Below is a collection of Dr. McGlaughlin's most recent observations (500+). Most of these observations are made throughout the course of everyday life, captured by dictation, and added to FlintsNotes.com. You can read more about the observation capture process here. The content here changes 5 days a week, so be sure to check back often. Also, feel free to leave a comment in the comments section of each observation.

On Communicating with Entrepreneurs

Communicating to entrepreneurs is different than communicating with academics. This is a point that doesn't need much elucidation. Still, it is important to…

On the Priority of Achievement over Brilliance

The men remembered for their genius are not necessarily the most brilliant. Rather, the most brilliant men are remembered for their achievements. Their…

On the Philosopher as Merely the Man Who Tries

When reading the works of a philosopher, it is a mistake to think of the writer as a philosopher. The word "philosophy" can distort our understanding of the…

On Content as Marketing and Marketing as Content

We are in a new advertising era. We are moving from advertising as interruption to advertising as utility. Advertising should not be served; it should serve – it…

On Leadership and the “Humble-device”

The leader should never confuse a state of humility with a “humble-device.” True humility is often feigned by the employment of such devices: self-depreciating…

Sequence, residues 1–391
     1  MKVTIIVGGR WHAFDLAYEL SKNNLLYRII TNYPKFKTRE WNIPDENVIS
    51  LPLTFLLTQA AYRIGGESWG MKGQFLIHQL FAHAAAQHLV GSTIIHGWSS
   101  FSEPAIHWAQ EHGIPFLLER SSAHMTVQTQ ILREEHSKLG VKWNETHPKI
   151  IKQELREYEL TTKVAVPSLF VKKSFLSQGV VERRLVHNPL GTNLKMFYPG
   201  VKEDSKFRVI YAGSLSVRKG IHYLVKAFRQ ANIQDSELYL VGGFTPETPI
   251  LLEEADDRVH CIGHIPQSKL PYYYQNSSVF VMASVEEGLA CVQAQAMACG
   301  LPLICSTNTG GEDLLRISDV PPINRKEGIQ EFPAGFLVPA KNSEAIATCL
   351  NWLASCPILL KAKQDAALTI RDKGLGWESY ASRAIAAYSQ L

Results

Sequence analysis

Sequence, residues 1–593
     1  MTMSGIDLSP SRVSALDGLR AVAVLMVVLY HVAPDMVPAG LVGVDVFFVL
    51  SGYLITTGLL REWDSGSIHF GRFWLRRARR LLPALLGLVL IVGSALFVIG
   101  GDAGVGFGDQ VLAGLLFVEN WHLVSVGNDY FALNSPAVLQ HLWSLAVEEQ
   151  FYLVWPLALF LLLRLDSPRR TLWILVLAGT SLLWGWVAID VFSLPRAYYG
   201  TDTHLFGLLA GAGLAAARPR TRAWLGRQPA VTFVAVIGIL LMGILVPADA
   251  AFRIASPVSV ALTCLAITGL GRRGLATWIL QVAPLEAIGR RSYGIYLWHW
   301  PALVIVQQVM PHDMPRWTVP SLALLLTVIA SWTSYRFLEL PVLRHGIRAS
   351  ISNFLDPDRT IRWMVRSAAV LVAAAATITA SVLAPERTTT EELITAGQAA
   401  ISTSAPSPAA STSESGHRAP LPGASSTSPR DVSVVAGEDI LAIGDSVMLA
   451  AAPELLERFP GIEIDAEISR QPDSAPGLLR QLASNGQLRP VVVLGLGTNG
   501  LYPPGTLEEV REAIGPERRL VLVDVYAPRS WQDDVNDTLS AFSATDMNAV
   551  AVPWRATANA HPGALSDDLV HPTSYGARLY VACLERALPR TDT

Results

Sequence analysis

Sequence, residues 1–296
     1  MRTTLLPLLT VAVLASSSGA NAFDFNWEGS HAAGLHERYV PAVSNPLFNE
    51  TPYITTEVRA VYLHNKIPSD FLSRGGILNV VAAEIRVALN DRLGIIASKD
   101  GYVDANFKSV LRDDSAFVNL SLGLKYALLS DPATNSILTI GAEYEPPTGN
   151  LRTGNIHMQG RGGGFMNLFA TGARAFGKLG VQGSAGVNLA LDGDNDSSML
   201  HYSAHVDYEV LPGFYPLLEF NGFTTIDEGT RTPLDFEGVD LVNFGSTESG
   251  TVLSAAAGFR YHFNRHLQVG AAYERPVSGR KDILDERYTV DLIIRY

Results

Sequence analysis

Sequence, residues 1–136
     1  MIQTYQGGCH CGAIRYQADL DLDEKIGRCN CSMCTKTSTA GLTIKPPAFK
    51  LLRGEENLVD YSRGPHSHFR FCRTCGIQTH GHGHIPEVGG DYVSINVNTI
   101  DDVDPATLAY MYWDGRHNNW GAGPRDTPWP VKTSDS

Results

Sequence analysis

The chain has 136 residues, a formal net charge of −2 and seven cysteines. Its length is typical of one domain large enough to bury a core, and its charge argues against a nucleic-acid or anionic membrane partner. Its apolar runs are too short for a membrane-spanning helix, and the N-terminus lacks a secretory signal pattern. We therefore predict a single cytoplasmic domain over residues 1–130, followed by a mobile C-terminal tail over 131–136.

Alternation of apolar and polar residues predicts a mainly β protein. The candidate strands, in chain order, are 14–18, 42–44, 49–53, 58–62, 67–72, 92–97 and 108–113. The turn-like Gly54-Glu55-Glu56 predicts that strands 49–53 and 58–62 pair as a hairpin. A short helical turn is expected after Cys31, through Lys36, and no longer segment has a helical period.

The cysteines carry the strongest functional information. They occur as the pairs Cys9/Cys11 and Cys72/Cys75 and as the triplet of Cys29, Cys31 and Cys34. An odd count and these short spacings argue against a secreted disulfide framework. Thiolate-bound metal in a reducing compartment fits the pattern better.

On Leadership and the Question Beneath the Questions

When making a decision of significant consequence, the first question that a leader should ask is this: Have I asked the right questions? In particular, the…

On Leadership and Disagreeing Agreeably

When a leader makes a decision contrary to the council of his top advisors, he needs to be careful that he does not misunderstand his task. He can agree with…

On Leadership and the Effective Message

Every leader delivers an offer — marketing is not limited to a division. The leader’s messaging must be guided by three maxims: Explanation precedes declaration;…

On the Priority of Clarity Over Persuasion

Start with clarity, then and add persuasion. An attempt to be compelling that does not involve clarity is neither clear nor compelling.   

On How a Temporary “Yes” Can Buy a Permanent “No”

Sometimes one painful, yet temporary, "yes" buys you an opportunity for a smart "no."  By saying "yes" once to something unpleasant, you create the opportunity…

On Leadership and the Danger of the Lie

Behind every leadership problem is the “lie.” There is always the lie that we have told ourselves and have bought into. We do not think of it as a lie, but it is…

On the Sterilization of Philosophy

I think there is solid philosophical reason to consider the implications of intelligent evil. We spend too much time on the abstract; we do our philosophy from…

On Writing the Song That Cannot Be Said

Music must come from the part of you that cannot say, or be said. Try to write the songs you cannot put into words. If you can put it into words, it is probably…

On the Value of Passion and Polarity

Sometimes you don’t know what you are for until you know what you are against. In public, it is wise to withhold criticism, to guard your tongue. In private, as…

On Thinking Fast vs. Thinking Deep

I need to let the passion for my organization’s value proposition to drive us forward, but I cannot let this same passion “break” us either... The leader must…